Tom’s Burned Down Café is a “no shirt, no shoes, no problem” kind of place. The bar is a ramshackle assortment of tarps and tents with cheap beer in a funky/grunge environment and signs that read “We cheat the other guy and pass the savings on to you” and “free beer tomorrow”. This explains the sign in front which reads “For Sale by Neighbor.”
Tom’s Burned Down Café reeks with character; it is also the destination bar and the center of community life on Madeline Island.
Local lore says the café was purchased and moved to its current location. Soon after the move and renovations completed, the owner was called by locals, telling him his café was on fire. With the café nearly burned to the ground, many folks thought all was lost. But the next day, the café opened. Well, not precisely the café; Tom opened his bar out of the back of his truck.
I doubt opening up the bar out of the back of his truck was plan B, at least not plan B while Tom was renovating to open his dream business. But someplace between our plans and dreams, life happens. And life is often about how we embrace plan B.
Our summer season started with a tornado of epic proportions flattening Moore, Oklahoma. Raging fires plagued California and Colorado. Then the rains began. The trees and shrubs that might have held the earth were gone, burned in the recent fires. The rains were torrential, and the one-two punch of fire and rain was devastating, particularly in the canyons around Boulder.
Yet night after night, we’ve seen survivors on the news who speak with deep gratitude for their lives and their family. All the “stuff” of their lives is gone; no house, no photos, nothing but the clothes on their backs. And in the midst of what seems like utter destruction, they are grateful.
Plan B often seems to be about grace. All that once seemed so important is gone, and in that moment, the survivors find their focus in the truly important—relationships, community, and hope. People rally to help each other, with strangers helping strangers. In the midst of the worst circumstances, people have the capacity to become their best selves.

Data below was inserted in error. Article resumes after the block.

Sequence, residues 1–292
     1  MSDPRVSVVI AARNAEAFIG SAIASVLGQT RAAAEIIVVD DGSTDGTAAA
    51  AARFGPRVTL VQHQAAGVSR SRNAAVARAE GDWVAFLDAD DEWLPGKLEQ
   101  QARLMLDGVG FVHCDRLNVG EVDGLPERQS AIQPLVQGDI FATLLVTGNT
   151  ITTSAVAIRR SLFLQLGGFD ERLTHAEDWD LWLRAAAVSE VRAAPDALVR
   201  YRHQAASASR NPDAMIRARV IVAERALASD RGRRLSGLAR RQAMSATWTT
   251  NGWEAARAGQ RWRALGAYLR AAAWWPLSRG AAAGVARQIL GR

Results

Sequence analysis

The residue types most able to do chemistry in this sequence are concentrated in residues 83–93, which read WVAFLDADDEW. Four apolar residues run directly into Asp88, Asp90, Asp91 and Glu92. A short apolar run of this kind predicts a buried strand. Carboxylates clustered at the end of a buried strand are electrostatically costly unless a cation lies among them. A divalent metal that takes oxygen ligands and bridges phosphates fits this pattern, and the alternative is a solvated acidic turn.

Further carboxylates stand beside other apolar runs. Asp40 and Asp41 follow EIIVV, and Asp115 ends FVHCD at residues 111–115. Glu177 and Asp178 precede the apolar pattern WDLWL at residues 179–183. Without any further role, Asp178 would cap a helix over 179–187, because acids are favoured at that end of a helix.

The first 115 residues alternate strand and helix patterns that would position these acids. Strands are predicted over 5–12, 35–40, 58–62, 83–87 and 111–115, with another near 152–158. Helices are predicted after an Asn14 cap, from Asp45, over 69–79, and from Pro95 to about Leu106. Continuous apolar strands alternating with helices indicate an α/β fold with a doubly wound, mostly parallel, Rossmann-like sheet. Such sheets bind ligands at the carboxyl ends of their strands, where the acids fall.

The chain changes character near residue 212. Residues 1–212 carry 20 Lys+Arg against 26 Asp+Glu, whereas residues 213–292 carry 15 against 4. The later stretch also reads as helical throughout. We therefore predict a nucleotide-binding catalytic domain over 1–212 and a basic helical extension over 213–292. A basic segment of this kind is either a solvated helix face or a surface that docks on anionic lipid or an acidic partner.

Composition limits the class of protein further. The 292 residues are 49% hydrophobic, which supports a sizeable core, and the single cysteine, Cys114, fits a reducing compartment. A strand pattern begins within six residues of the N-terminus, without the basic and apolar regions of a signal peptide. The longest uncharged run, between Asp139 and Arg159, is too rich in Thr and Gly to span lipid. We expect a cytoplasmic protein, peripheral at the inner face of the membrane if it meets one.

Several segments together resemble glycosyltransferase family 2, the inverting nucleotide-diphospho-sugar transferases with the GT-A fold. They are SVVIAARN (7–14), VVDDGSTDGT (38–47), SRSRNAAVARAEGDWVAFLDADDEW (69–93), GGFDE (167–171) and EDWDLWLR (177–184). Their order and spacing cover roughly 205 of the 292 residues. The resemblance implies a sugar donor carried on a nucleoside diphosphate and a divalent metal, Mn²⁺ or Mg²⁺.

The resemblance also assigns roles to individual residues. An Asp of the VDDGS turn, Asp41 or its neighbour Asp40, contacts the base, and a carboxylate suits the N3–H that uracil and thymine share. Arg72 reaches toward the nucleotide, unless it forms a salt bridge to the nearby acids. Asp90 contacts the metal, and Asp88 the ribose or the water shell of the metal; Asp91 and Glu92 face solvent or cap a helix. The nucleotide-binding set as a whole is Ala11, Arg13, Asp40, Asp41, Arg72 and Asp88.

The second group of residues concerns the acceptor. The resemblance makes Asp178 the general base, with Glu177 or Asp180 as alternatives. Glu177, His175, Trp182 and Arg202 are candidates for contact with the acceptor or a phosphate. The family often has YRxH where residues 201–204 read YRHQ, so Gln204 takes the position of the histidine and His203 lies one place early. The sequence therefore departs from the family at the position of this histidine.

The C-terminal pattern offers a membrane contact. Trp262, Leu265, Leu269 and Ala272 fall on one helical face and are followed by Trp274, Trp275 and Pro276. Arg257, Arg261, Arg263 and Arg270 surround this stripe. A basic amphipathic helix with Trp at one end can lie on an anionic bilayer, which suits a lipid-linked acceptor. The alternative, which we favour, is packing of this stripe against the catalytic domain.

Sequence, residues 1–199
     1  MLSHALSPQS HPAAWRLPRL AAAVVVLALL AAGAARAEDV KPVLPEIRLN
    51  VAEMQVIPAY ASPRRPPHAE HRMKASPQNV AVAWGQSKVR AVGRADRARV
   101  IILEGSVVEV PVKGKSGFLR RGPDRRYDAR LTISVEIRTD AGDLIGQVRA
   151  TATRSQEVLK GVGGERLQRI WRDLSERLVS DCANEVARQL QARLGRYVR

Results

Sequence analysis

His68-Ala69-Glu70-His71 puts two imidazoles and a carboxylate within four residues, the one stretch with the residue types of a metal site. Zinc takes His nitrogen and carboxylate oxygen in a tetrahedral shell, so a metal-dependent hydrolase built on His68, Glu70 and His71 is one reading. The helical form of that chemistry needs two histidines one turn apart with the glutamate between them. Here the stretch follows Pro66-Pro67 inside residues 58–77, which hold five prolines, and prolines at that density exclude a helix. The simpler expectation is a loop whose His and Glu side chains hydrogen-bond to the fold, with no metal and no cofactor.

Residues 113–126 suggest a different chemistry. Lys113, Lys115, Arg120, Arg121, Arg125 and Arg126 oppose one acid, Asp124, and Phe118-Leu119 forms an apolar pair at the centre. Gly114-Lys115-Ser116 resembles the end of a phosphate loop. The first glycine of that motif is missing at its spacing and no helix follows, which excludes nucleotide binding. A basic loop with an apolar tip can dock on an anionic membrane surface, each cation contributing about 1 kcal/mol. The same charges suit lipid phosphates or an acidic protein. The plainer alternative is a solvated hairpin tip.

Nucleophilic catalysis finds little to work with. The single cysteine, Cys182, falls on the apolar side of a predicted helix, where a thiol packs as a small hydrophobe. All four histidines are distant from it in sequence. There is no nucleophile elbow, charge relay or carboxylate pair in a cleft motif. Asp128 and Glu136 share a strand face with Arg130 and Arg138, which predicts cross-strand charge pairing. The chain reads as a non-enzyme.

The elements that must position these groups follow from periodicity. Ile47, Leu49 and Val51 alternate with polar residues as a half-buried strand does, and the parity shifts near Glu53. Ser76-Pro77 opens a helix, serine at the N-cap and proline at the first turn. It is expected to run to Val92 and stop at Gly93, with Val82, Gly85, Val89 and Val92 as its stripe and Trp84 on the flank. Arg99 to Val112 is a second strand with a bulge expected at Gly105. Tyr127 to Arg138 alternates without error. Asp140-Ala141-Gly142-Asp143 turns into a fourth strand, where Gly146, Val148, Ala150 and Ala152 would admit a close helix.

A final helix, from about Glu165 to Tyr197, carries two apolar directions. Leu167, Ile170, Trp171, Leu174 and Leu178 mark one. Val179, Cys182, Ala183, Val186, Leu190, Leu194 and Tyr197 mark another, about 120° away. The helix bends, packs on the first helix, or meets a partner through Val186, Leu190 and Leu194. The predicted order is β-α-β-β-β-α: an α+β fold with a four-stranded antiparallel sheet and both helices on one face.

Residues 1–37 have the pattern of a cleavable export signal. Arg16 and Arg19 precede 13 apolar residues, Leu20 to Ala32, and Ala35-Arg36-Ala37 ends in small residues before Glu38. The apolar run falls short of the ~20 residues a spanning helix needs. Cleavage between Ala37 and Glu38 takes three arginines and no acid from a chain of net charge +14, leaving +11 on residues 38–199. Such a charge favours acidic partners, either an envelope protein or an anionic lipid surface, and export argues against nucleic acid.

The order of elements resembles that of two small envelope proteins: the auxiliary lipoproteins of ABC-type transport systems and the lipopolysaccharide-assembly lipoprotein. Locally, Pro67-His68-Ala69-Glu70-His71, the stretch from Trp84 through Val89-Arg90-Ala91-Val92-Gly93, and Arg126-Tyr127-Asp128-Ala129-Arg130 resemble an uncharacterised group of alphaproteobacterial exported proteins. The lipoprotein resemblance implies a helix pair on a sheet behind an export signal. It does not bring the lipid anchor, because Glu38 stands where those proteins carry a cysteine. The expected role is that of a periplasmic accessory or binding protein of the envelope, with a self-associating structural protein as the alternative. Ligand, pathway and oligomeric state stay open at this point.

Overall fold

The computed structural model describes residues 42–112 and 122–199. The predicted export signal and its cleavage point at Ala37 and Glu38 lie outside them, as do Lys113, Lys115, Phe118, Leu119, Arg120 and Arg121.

The autumn Gospels offer a series of Plan Bs in parables about recovering from financial disasters. Just in the last month, Jesus has commented on the stupidity of building a tower without a budget, what to do with a kid who runs off after you’ve given him his share of the inheritance, rewarding a corrupt steward, and the perils of having too much stuff while not sharing your stuff with others.
Like the rich man who feasts at his table while a poor man near him has the sores on his body licked by dogs, those of us with too much stuff are often “money-blind” to the needs of those around us. We can go along for years, comfortably cruising through life in our prosperity, until the inevitable fires burn down our delusions and break us apart: health problems; career setbacks; divorce; death. The despair that besets many of us at that moment is a trial and a temptation, for we are tempted to believe that God has deserted us.
But the reality is different. For whatever reason, God seems to use our brokenness to give us new sight. We’re offered chances to know God and the people around us better. In the midst of heartbreak, we rediscover what is most essential and most life giving—love of our family and friends and love of God. It is as if the cracks in our heart allow grace to slip in. And grace sometimes takes the form of tarps, a tent and a cold beer.
Originally published in the Eden Prairie News.